Alex may head north to Texas or Louisiana

By: Dr. Jeff Masters , 6:36 PM GMT on June 27, 2010

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Tropical Depression Alex has held together fairly well during its passage over Mexico's Yucatan Peninsula, and stands poised to re-intensify back into a tropical storm once it emerges from the coast tonight. Alex brought heavy rains to northern Honduras, Mexico's Yucatan Peninsula, and Belize over the weekend. It was not a good beach day in Cozumel yesterday, as 9.25" of rain fell. Cancun received 2.05" over the weekend, and Belize City received 4.57". Satellite loops show that Alex's heavy thunderstorms are mostly gone near the center, though there are some impressive bands of precipitation well away from the center. There is an upper-level high pressure system a few hundred miles west of Alex, and the clockwise flow air around this high is bringing upper-level winds out of the northwest of about 5 knots over the storm, contributing to the 5 knots of wind shear observed in this afternoon's wind shear analysis from the University of Wisconsin's CIMSS group. Sea Surface Temperatures are very warm, 29 - 30°C, and dry air is currently not a problem for Alex.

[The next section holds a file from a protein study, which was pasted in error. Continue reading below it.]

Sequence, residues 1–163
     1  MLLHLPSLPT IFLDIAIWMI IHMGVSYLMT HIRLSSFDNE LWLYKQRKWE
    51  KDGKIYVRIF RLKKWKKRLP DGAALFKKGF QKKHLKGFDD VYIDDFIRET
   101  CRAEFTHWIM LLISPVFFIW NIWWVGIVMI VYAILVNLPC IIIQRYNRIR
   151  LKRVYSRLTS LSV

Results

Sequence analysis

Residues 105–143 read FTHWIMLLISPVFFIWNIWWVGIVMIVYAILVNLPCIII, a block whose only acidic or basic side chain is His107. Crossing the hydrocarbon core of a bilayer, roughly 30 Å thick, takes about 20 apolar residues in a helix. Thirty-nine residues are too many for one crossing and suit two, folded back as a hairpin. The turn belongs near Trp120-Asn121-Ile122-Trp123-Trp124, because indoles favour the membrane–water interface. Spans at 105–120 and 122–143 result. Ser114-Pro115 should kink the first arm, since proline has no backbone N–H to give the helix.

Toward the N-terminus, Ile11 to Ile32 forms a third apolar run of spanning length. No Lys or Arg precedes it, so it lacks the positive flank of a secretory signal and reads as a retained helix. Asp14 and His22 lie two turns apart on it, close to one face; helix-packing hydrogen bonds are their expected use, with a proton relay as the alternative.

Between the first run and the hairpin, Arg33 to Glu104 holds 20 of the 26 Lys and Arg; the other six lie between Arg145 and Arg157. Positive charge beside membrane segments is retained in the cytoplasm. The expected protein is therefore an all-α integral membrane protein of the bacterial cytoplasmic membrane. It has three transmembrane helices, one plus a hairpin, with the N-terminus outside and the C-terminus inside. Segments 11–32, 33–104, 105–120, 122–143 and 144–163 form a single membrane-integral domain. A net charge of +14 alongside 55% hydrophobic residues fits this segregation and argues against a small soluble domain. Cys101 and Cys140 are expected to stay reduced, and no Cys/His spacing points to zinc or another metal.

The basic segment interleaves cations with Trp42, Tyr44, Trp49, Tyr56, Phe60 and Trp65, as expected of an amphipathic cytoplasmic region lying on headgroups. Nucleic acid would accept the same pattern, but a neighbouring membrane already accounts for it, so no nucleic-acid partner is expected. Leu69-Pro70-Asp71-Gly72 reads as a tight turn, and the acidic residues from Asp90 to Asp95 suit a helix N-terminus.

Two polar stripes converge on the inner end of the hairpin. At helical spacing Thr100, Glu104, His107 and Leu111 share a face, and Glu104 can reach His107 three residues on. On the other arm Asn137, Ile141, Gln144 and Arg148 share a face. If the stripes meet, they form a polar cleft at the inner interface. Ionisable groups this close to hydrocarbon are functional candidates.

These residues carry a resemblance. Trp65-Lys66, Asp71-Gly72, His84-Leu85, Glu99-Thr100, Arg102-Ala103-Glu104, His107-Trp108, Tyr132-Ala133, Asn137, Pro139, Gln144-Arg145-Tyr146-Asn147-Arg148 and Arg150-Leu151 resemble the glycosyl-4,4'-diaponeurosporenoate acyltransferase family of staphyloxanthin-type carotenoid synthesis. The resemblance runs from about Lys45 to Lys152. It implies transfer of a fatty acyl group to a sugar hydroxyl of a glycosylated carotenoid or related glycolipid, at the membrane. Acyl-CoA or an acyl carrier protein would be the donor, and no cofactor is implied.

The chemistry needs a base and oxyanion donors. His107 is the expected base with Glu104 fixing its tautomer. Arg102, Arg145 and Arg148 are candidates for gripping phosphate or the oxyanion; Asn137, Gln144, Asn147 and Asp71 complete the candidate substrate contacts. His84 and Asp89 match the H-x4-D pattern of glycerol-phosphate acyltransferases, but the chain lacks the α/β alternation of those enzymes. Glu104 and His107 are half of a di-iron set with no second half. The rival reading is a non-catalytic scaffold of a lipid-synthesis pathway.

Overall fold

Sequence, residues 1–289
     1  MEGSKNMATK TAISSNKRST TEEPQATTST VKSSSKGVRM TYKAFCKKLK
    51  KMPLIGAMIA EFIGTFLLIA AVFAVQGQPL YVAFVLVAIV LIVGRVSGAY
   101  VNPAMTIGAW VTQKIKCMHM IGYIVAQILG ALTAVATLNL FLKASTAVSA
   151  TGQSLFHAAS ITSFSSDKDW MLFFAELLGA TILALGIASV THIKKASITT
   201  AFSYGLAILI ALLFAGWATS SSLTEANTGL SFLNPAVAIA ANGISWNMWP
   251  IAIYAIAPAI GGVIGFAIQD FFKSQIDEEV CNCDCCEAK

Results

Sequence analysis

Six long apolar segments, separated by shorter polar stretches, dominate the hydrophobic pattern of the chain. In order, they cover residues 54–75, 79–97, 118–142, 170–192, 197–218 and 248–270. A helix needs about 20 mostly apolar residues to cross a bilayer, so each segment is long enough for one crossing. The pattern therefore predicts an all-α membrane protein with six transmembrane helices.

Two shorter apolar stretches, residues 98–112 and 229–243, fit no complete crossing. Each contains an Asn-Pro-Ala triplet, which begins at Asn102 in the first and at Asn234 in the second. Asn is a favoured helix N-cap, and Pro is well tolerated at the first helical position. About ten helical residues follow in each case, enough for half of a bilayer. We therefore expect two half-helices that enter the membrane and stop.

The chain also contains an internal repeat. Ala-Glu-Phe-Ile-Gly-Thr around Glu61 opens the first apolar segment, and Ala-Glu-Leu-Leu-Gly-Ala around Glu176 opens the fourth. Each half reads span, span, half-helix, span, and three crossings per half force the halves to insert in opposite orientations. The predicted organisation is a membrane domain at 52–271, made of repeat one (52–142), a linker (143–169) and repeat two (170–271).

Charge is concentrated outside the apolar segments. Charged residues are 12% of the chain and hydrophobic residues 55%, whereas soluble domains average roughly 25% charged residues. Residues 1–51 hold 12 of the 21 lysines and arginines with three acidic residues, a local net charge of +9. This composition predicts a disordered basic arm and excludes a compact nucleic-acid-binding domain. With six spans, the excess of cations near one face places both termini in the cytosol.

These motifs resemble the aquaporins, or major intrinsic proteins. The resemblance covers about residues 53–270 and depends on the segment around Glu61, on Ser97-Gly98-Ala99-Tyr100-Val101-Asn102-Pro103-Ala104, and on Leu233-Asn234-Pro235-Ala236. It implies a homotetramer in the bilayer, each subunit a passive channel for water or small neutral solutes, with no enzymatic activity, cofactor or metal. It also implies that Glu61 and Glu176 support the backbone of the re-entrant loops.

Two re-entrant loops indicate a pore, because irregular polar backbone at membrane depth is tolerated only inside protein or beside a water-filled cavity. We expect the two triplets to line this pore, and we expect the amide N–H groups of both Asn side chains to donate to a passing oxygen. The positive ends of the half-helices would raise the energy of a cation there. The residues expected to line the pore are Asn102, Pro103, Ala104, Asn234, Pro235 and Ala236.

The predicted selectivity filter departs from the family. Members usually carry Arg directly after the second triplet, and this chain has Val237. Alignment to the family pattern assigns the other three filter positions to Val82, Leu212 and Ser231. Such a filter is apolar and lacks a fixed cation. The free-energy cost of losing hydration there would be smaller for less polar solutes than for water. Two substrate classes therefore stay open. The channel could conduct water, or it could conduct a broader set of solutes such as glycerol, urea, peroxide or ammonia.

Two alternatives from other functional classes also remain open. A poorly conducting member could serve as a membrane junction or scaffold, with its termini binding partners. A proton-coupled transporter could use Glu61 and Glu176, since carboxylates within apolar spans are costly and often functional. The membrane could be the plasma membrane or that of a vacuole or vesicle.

Figure 1. Afternoon satellite image of Alex.

Forecast for Alex: which model should you trust?
While the track forecast for Alex today through Monday is fairly well-assured, the longer range forecast has become highly uncertain. An increasing number of our reliable models are now indicating Alex may take a more northerly track beginning on Tuesday, with possible landfall on the Texas coast near Galveston on Friday (according to the 8am run of the GFS model) or into western Louisiana on Wednesday (the 8am run of the Canadian model.) The key question remains how Alex will react to the trough of low pressure expected to swing down over the Eastern U.S. on Monday and Tuesday. Most of the models were predicting that the trough would not be strong enough to swing Alex to the north, and several of them continue to predict this. The 8am runs of the NOGAPS and ECMWF models, for example, take Alex into the Gulf coast of Mexico 150 miles south of Texas, on Wednesday. The GFDL and HWRF models split the difference, with the GFDL predicting a Thursday landfall in southern Texas near Brownsville, and the HWRF predicting a Thursday landfall near Corpus Christi. Morris Bender of the GFDL group has just provided me the track forecast from an improved experimental version of the GFDL that shows landfall between Corpus Christi and Galveston. So which model should you trust? Last year, the best performing models at the 3 - 4 day forecast range were the GFS and the Canadian, and these are the models that are currently calling for the more northerly track towards the upper Texas coast and Louisiana. Residents of those areas should review their hurricane preparedness plans and anticipate that Alex could make landfall as early as Wednesday in their vicinity. Residents of the Mexican coast south of Brownsville should make similar plans, as Alex could just as easily hit there.